Intercos is cooking up a sustainable beauty manifesto, as well.
Sergio Massarotti, corporate research and development director, explained the company will operate under environmentally and ethically oriented commandments. Key guidelines include using only inherently safe ingredients; using ingredients from natural and renewable sources or low-impact chemicals, and reducing processing waste.
Massarotti delivered a speech at Cosmoprof as part of a program entitled Package Extinction.
Intercos president Dario Ferrari, meanwhile, said the company is expanding capacity on at least two continents. The company now has a 400,000-square-foot plant in China and its facility in Congers, N.Y., will soon double in size to 200,000 square feet. Ferrari said the company now does 53 percent of its sales in the U.S. and its business there gained 30 percent in the first quarter due primarily to an upsurge of sales to mass cosmetics companies.
He also is planning to open an R&D center outside of Shanghai.
“Innovation has always been our strength,” said Ferrari. “Then we tried to be more international and worked on internationalization. Now we’d like to be global so we have operations in the U.S. and China. Now we’re in the best position possible to give the best service to our customers.”
INVESTING IN BRANDS
Italian fragrance and cosmetics manufacturers are responding to a sluggish home economy by betting that brand building will pay off.
Product launches to solidify brand positions and marketing efforts to animate sales in-store are among strategies being employed to maintain and boost market share at home and overseas.
Among movers in the market are:
Deborah Milano: The Milanese color cosmetics brand is restaging Debby, a makeup line aimed at 18- to 25-year-olds, a target the brand has identified as a fervently spending demographic buffered from economic trends. The line has been repackaged with a black and fuchsia color scheme.
“They’re the happiest and richest customers,” said Gianluca Bonnetti, chief executive officer of Deborah Group.
For the parent brand, Deborah Milano, the group created a more sophisticated display unit, which will be rolled out, beginning in June. The move follows three strong years for the brand when export sales tripled, according to Malcolm Kemp, the brand’s export manager. Referring to the present 40-country distribution, Kemp remarked, “We are now an important nonmajor [competitor].”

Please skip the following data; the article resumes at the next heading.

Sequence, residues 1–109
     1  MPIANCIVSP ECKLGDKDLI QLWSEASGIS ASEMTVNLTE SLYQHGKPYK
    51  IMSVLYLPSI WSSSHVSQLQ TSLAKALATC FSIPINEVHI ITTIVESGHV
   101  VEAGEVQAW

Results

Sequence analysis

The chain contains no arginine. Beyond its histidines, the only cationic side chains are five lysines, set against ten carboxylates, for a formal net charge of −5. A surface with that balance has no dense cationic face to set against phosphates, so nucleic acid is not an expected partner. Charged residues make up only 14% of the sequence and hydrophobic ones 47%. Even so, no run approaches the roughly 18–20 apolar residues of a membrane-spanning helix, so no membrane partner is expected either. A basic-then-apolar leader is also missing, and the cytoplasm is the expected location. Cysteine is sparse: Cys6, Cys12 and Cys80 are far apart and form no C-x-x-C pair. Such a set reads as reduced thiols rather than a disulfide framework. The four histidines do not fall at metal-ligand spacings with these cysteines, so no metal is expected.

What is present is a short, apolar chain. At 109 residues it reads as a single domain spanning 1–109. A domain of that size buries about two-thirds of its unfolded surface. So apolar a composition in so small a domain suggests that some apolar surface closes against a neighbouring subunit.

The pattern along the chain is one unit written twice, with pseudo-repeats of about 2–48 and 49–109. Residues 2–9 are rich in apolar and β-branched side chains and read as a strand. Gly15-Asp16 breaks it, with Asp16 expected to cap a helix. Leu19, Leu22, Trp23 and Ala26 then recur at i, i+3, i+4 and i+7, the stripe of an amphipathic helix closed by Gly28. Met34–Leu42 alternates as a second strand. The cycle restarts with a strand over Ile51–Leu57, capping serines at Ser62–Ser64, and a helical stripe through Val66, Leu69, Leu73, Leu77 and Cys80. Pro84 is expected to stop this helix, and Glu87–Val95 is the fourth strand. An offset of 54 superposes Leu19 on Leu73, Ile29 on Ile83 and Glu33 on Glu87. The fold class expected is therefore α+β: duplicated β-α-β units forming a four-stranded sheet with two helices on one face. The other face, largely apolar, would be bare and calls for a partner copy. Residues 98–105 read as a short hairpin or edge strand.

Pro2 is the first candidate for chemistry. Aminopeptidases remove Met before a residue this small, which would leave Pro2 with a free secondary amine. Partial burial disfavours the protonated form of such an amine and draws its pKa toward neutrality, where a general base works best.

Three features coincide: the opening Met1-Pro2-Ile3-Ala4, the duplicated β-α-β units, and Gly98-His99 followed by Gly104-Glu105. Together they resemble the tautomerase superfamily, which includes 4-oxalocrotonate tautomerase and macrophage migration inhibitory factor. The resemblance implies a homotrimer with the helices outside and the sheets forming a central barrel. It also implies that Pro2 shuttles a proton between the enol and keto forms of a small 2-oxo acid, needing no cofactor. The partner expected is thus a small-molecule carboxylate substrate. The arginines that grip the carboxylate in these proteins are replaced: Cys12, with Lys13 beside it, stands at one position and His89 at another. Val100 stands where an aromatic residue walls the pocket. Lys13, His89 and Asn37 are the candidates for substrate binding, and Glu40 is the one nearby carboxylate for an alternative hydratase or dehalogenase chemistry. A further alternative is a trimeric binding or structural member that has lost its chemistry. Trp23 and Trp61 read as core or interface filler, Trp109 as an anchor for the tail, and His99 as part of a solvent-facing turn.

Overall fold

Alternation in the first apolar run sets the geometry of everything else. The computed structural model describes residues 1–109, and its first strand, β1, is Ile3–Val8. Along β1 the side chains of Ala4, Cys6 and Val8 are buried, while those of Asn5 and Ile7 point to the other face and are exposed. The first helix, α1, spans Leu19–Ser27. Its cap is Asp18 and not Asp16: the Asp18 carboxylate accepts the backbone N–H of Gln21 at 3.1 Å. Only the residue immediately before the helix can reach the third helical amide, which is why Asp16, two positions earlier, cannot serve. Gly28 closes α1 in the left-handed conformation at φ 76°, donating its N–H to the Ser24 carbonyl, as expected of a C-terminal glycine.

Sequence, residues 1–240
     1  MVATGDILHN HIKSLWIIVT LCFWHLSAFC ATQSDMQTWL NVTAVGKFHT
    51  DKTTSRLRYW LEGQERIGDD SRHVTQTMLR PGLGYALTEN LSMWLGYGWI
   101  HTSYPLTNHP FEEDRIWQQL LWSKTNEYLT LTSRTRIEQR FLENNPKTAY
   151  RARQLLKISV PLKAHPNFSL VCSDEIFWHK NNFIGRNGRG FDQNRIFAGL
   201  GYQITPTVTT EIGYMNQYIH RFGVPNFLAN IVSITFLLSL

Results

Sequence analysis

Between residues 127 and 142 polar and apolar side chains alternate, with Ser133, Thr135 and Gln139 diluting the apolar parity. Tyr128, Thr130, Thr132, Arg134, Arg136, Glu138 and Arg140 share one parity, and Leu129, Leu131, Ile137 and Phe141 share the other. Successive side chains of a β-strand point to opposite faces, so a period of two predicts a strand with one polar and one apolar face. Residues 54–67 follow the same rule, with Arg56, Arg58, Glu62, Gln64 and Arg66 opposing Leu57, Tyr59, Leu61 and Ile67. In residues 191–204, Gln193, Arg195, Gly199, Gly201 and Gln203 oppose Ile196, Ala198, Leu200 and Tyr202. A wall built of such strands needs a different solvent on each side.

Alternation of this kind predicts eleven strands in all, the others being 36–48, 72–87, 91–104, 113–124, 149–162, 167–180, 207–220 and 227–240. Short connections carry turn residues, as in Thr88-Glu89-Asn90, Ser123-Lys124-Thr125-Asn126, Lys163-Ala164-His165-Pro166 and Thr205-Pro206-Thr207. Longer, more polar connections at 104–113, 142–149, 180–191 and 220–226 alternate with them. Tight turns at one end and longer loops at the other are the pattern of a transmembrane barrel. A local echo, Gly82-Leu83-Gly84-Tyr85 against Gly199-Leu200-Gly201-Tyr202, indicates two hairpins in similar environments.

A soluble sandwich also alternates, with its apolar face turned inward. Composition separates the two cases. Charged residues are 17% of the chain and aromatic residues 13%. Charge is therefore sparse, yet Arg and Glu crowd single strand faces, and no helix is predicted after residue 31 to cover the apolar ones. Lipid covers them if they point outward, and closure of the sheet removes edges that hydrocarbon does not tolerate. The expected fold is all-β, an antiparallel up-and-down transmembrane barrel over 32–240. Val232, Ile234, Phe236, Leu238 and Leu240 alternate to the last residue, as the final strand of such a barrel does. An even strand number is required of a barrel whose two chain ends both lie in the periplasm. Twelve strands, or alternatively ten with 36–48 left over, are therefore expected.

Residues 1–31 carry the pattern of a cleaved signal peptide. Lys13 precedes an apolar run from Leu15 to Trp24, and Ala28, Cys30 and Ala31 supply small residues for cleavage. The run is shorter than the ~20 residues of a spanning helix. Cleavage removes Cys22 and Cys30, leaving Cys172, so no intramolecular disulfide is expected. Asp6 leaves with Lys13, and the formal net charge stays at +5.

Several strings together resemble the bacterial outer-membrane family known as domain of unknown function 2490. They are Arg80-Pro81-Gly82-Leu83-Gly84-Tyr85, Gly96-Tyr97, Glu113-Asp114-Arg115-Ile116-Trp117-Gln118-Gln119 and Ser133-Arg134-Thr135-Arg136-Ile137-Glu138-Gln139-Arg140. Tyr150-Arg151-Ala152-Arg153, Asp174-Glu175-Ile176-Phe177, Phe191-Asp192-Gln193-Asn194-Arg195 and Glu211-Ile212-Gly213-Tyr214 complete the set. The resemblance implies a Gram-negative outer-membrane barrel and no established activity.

Diego Dalla Palma: With Antonella Calcaterra recently named export manager, the makeup artist brand’s priority is to beef up its international business. Plans are afoot to penetrate markets including the Middle East and Europe. Exports currently represent only 10 percent of the brand’s sales, leaving plenty of room for growth, according to Calcaterra, who claims the brand’s positioning and design has international appeal.
EuroItalia: Giovanni Sgarboldi, president of EuroItalia, one of the Italian industry’s major players, said the focus for 2008 is its Versace fragrance license, in particular the launch of Versace Uomo, a male follow-up to a signature female scent introduced last year.
“We’re really proud of the new men’s fragrance,” he said. “We want to build the Versace brand.”
Also set to roll out from May is Hippie Fizz, the fourth fragrance in the Moschino Cheap & Chic franchise.
ITF: A Dsquared women’s fragrance, dubbed She Wood, is in the works at ITF, the Italian fashion brand’s license holder. Roberto Martone, the company’s president, said Dsquared’s initial fragrance effort, a men’s scent called He Wood, has sold above expectations since its 2007 launch.
ITF recently inked a deal to distribute fragrances for Custo Barcelona, the Spanish contemporary brand, in Italy, Germany, Austria and Greece. The brand’s debut scent will be launched in September. Also on the drawing board is the first fragrance for Italian brand Blumarine, which is slated for fall 2009.
Collistar: Opening in Taiwan, Hungary and markets in South America is a key strategy for makeup and treatment brand Collistar. The firm also aims to bolster its position in its current distribution network. Among initiatives is the opening of a treatment room and retail area in a Douglas flagship in Frankfurt. The perfumery, which is Collistar’s first retail outlet in Germany, is meant to springboard the brand’s presence in the country this year.
“What we want to do is consolidate our international presence where we currently are and grow with the opening of new markets,” said Paolo Bevigne, export director at Collistar.